Getting my house adapted to an appropriate level for me to be able to move in was quite a process. First the renovations had to be approved, then the adaptations done, before I was able to move in.
I know that building and renovating is stressful for everyone, regardless of disability, but there is an extra layer of anxiety when creating the proper access means an environment will be liveable or not.
My house isn’t Specialist Disability Accommodation (SDA), but it still needed to be made fully wheelchair accessible and I found being regularly on-site was the only way to ensure that renovations were done exactly according to what would work for me. Things like choosing the right rail to go next to the toilet, choosing the right positioning for the toilet roll holder to enable effective personal care, and regularly trialing things as the renovation progressed, were important to make sure that my home was going to be as accessible to me as possible.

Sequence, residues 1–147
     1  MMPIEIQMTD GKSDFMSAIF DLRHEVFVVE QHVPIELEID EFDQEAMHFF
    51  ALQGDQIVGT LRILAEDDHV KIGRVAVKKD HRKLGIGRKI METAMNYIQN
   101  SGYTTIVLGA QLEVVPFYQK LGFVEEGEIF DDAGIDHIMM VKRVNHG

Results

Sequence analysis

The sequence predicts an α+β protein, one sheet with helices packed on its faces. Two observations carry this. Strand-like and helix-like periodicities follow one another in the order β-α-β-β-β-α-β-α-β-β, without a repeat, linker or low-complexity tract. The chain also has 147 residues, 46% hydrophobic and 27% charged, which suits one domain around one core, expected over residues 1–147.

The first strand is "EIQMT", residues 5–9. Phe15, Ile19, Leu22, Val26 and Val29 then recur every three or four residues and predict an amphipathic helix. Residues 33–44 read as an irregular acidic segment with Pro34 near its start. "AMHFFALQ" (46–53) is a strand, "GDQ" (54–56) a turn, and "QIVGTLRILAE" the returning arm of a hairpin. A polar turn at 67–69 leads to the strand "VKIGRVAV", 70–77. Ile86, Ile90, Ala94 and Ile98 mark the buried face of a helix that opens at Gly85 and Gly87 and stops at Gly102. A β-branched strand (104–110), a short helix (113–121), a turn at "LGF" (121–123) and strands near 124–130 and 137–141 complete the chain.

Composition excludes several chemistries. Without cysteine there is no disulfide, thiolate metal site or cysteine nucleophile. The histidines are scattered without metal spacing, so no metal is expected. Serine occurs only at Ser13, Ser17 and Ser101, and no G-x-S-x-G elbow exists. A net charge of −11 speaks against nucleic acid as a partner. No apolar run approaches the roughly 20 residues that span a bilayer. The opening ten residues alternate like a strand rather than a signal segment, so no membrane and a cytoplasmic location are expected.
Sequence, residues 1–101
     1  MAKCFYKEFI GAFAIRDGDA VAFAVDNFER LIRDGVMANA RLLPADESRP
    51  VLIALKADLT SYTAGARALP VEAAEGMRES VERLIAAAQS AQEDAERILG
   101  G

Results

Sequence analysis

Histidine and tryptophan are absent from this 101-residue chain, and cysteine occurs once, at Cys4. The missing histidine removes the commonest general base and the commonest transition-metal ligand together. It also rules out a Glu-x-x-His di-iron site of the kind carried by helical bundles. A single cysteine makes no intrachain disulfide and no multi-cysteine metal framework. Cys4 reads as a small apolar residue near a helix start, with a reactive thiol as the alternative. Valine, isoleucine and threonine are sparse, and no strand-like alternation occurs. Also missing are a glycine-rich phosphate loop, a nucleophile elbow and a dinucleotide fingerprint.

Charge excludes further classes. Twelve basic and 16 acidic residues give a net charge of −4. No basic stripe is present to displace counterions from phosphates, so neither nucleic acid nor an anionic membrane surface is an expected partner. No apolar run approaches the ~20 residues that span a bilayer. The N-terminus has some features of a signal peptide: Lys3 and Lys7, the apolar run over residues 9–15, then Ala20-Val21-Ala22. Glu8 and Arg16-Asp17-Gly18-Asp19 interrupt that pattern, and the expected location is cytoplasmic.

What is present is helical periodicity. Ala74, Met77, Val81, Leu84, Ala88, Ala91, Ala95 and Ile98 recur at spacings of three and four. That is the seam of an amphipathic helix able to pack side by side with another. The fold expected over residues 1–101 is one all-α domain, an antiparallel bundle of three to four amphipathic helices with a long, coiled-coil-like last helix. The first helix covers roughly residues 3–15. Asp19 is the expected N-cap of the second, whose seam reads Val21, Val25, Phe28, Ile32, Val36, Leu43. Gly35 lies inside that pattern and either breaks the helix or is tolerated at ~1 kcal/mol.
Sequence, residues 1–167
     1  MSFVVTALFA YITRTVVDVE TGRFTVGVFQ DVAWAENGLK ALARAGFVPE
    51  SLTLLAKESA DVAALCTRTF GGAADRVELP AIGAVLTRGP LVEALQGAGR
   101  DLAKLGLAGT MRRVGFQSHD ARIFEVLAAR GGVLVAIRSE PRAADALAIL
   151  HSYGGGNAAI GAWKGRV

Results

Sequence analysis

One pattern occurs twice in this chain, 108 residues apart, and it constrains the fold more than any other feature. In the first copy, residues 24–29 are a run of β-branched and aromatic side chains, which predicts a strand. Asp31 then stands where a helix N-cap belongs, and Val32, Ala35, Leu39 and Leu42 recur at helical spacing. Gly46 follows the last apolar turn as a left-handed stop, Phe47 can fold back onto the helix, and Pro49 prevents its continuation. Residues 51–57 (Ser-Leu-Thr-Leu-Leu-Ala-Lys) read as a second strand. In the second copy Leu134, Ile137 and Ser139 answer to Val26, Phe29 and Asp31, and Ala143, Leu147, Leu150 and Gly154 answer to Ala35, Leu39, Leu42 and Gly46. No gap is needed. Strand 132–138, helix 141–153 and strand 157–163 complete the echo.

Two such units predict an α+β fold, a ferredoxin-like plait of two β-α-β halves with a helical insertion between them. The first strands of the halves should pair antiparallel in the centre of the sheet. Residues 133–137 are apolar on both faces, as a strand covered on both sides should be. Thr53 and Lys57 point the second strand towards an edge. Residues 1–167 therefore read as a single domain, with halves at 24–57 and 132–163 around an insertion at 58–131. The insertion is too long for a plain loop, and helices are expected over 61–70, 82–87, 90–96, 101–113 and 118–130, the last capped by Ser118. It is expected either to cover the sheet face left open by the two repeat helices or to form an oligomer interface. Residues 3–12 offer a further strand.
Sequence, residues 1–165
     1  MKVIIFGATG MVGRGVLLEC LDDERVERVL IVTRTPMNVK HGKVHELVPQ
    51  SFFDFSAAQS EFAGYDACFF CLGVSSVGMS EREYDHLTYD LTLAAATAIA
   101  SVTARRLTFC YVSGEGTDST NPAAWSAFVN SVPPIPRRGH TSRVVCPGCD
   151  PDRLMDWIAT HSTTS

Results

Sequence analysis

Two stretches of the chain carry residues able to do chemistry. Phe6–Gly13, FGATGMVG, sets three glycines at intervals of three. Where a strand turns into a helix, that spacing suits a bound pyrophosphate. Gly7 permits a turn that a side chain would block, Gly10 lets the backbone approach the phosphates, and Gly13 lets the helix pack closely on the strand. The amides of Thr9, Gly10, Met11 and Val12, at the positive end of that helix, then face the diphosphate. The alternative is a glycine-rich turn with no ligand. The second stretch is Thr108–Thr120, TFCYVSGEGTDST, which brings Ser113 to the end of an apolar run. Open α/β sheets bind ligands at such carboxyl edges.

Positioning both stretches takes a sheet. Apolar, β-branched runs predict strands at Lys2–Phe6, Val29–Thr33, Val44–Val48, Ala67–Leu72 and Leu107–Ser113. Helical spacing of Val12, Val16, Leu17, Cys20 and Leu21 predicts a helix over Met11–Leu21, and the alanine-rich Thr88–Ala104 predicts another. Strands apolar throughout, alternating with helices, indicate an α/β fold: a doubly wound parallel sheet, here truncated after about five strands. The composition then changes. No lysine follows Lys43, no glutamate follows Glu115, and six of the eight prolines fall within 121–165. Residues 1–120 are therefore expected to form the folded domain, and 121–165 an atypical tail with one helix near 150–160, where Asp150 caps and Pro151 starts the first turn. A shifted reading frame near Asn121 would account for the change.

Working with the designer and builder also involved communicating with them when I could see flaws in the work done so that things could be fixed. I tried to take the approach of also pointing out when I was happy with things, so that the building team were more receptive and obliging when I needed things changed.
My top tips for working with a builder and designer are:
Mel has had Cerebral Palsy since birth, but never let that stop her. Mel has worked in various disability roles and has done lots of workshop presenting, mentoring and travelling – both professionally and personally.
Mel has always had significant physical support needs, but credits her parents for helping her believe in herself and never limiting what she expected of herself. Melanie works hard not to let her disability define her.
Mel has worked with the Housing Hub as a Lived Experience Associate since February 2021.
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